Mark Sheeler, an actor who achieved a measure of cult fame for his role in the 1957 schlock horror film “From Hell It Came,” has died at age 92.
Sheeler died from complications of a stroke at Kaiser Permanente in Woodland Hills on Aug. 6, his family said.
Fans of the low-budget thriller remember Sheeler as a sergeant stationed on a tiny South Seas island who shouts “Holy Mackerel” when he and a group of scientists discover that a tree monster has plundered the communications room.
One of his scenes was featured in “It Came From Hollywood,” a 1982 film featuring Dan Aykroyd, John Candy, Gilda Radner and other comedians viewing and commenting on notorious B movies including “The Brain That Wouldn’t Die,” “Creature From the Black Lagoon” and “Reefer Madness.”
Sheeler was born in New York on April 24, 1923. After serving as an aerial photographer in the Air Force during World War II, he began acting in such 1950s television shows as “Alfred Hitchcock Presents,” “Sergeant Preston of the Yukon” and “The Ford Television Theatre.”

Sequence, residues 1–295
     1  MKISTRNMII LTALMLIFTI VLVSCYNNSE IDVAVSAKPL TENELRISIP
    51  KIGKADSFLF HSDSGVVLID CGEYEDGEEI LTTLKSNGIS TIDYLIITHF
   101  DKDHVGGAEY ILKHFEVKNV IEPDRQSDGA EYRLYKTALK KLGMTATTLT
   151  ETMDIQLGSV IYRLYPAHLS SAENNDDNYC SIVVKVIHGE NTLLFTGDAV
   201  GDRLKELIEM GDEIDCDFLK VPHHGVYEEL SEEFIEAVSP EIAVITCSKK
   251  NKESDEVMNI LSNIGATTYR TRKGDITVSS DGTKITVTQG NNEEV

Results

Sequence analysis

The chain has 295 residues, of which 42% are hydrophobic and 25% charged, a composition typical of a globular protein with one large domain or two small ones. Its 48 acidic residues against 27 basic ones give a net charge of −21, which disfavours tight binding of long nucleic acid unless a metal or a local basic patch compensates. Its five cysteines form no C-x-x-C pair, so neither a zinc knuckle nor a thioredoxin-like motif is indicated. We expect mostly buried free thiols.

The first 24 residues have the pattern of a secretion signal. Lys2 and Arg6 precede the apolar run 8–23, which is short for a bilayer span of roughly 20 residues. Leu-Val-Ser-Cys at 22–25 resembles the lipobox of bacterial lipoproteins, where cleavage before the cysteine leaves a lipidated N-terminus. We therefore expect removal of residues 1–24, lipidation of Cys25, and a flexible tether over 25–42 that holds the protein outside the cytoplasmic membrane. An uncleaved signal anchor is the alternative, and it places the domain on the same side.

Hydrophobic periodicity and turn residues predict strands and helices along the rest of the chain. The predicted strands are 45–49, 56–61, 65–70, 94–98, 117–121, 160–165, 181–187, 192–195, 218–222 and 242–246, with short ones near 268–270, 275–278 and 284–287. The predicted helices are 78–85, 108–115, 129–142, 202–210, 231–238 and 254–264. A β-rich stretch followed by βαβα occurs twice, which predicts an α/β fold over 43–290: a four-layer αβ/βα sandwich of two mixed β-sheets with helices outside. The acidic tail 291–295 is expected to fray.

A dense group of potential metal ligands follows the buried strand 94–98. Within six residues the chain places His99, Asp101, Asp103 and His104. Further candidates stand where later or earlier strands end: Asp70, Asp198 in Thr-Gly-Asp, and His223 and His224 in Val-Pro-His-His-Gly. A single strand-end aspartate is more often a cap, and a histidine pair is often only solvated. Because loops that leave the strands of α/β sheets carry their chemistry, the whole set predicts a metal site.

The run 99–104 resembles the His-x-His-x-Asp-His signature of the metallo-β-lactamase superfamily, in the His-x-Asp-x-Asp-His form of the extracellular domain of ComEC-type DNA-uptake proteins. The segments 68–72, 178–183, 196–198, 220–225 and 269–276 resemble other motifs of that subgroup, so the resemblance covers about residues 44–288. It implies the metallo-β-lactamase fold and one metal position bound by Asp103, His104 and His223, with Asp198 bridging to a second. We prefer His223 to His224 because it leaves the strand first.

He suspended his acting career in 1960 and spent more than three decades as a wedding photographer and running the graphics units at the Los Angeles Department of Water and Power.
He returned to acting in his 70s, appearing in “Mad About You,” “ER,” “Chicago Hope” and other series. He also appeared as a stodgy old banker in a series of commercials for Washington Mutual.